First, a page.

Mayor Bill de Blasio said Sunday he could not recall personally soliciting campaign contributions from a deep-pocketed campaign donor, despite the donor’s testimony in federal court last week that he forked over more than $102,000 at the mayor’s request in exchange for favorable treatment.
“I don’t recall if I talked to him directly about that,” de Blasio told reporters at an unrelated news conference in Queens, when asked about felon Jona Rechnitz’s claims in federal court Friday that he donated the money after being asked by the mayor during a phone conversation in 2014.
In sworn testimony Friday, Rechnitz, 34, a Brooklyn real estate developer now serving as a witness in the federal bribery trial against Norman Seabrook, former head of the New York City correction officers union, said de Blasio requested the money as part of the mayor’s failed effort to help Democrats pick up seats in the Republican-controlled state Senate.
“The mayor told me it means a great deal to him,” Rechnitz told prosecutors in court Friday. “Once the mayor called me, I felt it was a personal favor to him.”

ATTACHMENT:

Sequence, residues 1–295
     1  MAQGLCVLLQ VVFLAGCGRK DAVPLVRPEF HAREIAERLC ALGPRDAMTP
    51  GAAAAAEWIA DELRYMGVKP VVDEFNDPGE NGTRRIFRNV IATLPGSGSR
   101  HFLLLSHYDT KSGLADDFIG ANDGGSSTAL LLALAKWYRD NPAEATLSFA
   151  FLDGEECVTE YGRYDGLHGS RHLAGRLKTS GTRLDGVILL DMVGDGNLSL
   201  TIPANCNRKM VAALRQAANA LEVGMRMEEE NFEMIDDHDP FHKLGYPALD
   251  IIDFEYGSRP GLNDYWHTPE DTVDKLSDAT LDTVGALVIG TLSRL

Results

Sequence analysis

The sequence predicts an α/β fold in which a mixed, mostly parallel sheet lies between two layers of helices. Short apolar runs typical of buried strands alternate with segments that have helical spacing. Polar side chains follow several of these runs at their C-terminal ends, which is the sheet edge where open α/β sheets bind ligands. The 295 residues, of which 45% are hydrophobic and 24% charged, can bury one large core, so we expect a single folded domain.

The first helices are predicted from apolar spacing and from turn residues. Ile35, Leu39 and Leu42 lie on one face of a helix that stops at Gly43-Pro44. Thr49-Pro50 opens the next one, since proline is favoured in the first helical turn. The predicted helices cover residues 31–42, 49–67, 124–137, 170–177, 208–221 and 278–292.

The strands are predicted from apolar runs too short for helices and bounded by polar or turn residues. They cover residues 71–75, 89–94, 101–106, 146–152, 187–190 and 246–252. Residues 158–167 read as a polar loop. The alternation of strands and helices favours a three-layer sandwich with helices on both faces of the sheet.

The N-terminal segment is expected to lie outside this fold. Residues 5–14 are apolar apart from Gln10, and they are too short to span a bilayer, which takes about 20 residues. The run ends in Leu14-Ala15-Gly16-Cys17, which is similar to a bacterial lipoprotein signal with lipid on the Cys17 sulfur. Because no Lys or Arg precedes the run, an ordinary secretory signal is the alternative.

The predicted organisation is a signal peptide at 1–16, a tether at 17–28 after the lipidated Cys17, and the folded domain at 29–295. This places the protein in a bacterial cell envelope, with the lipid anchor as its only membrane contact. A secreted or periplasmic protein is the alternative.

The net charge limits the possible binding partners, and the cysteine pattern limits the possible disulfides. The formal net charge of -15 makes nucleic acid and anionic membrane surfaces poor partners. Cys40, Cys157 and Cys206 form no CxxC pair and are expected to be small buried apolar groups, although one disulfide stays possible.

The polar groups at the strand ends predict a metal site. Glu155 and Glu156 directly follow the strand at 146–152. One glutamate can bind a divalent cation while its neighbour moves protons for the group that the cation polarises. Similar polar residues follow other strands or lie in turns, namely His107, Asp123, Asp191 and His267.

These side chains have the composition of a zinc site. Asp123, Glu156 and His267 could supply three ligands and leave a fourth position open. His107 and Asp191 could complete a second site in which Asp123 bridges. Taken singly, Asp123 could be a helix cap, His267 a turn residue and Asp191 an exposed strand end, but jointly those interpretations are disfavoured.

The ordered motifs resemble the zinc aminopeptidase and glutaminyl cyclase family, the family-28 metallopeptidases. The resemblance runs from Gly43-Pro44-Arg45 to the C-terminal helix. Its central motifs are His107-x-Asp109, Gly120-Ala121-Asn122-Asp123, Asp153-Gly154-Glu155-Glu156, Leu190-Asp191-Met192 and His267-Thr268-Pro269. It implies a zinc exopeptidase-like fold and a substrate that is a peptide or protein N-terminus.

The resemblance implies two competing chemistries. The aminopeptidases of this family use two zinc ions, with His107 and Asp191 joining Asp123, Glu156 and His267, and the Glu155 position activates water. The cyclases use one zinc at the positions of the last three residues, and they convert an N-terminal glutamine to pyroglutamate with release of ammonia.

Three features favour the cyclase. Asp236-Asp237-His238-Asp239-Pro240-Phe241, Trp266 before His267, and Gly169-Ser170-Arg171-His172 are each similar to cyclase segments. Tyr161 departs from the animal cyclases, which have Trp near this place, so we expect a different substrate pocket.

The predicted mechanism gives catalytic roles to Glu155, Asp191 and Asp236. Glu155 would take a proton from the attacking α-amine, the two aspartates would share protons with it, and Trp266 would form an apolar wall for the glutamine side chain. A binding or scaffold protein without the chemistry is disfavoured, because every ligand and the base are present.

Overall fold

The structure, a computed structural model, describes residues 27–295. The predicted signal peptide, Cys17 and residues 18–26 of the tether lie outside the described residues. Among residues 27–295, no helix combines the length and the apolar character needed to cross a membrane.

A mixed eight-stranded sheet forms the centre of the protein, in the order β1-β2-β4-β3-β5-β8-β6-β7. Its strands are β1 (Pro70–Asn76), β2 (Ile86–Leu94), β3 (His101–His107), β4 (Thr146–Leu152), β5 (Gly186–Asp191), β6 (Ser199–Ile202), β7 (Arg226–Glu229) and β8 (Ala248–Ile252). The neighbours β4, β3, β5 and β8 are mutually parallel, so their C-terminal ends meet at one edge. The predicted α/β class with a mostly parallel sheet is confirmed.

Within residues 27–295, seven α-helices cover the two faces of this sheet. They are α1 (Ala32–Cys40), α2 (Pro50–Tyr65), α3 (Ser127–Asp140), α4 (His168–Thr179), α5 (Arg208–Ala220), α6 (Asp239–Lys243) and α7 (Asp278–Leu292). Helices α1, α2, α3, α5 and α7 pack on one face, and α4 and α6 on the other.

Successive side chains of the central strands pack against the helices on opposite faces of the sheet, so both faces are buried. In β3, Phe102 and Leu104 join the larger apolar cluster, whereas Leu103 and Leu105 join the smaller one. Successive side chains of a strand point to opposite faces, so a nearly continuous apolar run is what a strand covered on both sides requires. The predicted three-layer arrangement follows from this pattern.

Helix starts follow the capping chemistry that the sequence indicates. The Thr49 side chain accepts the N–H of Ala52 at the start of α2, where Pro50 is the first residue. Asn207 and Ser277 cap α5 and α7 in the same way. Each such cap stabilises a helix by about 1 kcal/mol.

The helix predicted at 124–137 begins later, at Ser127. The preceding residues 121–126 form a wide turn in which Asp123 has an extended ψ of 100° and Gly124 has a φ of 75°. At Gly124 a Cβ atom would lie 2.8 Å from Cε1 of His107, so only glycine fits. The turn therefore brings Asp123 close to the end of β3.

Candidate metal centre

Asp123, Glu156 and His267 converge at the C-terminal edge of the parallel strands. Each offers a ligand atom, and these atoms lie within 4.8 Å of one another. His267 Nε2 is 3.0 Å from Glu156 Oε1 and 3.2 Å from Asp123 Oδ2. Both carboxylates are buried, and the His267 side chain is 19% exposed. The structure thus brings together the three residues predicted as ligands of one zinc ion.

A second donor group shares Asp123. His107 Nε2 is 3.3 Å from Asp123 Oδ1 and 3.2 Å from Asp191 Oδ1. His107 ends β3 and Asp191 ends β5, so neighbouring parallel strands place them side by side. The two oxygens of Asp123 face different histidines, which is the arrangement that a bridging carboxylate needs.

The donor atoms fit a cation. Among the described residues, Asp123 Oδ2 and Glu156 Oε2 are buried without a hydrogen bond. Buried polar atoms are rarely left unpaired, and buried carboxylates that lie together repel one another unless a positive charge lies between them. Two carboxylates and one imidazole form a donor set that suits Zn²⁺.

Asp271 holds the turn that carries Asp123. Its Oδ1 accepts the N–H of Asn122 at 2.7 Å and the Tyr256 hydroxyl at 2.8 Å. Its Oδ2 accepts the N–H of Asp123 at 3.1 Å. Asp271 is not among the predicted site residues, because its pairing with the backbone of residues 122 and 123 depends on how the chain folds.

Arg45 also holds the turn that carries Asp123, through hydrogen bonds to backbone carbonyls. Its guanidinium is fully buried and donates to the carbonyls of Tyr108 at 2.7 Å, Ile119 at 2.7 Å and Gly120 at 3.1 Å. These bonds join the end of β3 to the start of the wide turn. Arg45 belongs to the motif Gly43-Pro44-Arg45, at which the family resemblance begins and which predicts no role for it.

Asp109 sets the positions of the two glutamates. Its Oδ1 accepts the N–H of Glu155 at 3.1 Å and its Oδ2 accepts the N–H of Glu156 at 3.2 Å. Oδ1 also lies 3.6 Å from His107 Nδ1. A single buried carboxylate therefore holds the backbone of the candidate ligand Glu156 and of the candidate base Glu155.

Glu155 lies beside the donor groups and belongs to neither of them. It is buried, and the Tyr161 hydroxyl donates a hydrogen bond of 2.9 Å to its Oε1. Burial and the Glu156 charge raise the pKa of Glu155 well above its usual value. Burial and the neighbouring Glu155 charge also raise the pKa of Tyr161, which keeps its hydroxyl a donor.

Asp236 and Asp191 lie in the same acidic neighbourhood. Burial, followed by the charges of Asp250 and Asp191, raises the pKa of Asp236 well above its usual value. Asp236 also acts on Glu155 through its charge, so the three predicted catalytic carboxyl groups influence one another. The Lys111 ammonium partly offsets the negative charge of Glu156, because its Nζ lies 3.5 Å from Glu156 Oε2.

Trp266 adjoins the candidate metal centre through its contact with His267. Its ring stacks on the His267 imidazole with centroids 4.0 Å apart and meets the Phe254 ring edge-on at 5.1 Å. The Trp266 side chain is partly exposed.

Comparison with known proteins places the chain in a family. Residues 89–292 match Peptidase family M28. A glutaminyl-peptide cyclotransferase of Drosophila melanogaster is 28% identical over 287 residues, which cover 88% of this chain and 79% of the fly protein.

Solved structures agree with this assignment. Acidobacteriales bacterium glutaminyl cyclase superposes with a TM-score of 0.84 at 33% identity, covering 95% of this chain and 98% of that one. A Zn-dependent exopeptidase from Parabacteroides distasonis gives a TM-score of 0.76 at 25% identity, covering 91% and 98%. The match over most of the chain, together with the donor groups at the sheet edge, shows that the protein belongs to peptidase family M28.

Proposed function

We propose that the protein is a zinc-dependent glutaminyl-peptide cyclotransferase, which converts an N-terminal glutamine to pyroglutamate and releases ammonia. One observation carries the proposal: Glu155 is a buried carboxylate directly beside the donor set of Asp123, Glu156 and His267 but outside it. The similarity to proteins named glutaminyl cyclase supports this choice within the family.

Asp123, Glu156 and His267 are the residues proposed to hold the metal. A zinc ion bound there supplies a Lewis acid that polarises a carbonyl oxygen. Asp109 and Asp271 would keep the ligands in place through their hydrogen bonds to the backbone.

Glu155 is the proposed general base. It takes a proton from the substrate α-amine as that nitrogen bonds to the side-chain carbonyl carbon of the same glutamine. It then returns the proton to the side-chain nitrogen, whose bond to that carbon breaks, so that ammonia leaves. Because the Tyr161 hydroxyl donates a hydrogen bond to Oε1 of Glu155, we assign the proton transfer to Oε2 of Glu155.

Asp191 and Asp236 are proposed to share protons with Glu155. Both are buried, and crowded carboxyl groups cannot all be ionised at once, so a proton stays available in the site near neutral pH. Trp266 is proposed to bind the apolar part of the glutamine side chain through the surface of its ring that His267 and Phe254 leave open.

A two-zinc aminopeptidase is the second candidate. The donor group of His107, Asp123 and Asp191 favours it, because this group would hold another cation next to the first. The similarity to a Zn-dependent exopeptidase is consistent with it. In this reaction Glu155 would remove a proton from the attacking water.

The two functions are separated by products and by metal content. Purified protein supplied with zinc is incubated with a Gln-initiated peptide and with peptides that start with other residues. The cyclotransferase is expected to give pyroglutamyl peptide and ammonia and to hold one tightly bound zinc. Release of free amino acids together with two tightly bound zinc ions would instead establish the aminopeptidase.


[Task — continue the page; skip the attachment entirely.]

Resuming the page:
De Blasio, a Democrat seeking re-election on Nov. 7, labeled Rechnitz a “liar” and a “felon” on Sunday. The mayor said it was “very normal” that he could not remember having a conversation about the donation in question.
The mayor said that “for years” he has been “raising money for different causes,” including his nonprofit Mayor’s Fund to Advance New York City and an unsuccessful bid to bring the 2016 Democratic National Convention to the city.
“Way too much has happened. . . . It’s very normal that I wouldn’t remember a specific conversation,” de Blasio said at an unrelated news conference in Far Rockaway, initially meant to discuss revitalization efforts in the area on the fifth anniversary of superstorm Sandy.
Rechnitz, who pleaded guilty last year to conspiracy to commit honest services wire fraud, served as a cooperating witness in state and federal probes of de Blasio’s campaign fundraising practices that concluded earlier this year without prosecutors pressing charges. State prosecutors, did however raise reservations about de Blasio’s fundraising tactics, saying they ran “contrary to the intent and spirit” of campaign finance laws.
De Blasio, noting that prosecutors had not pursued charges, told reporters Rechnitz’s recent testimony “adds nothing” to what prosecutors have already reviewed.
“We had a full investigation of these matters . . . and there were no charges brought,” de Blasio said during a Sunday morning radio interview on 107.5 WBLS-FM.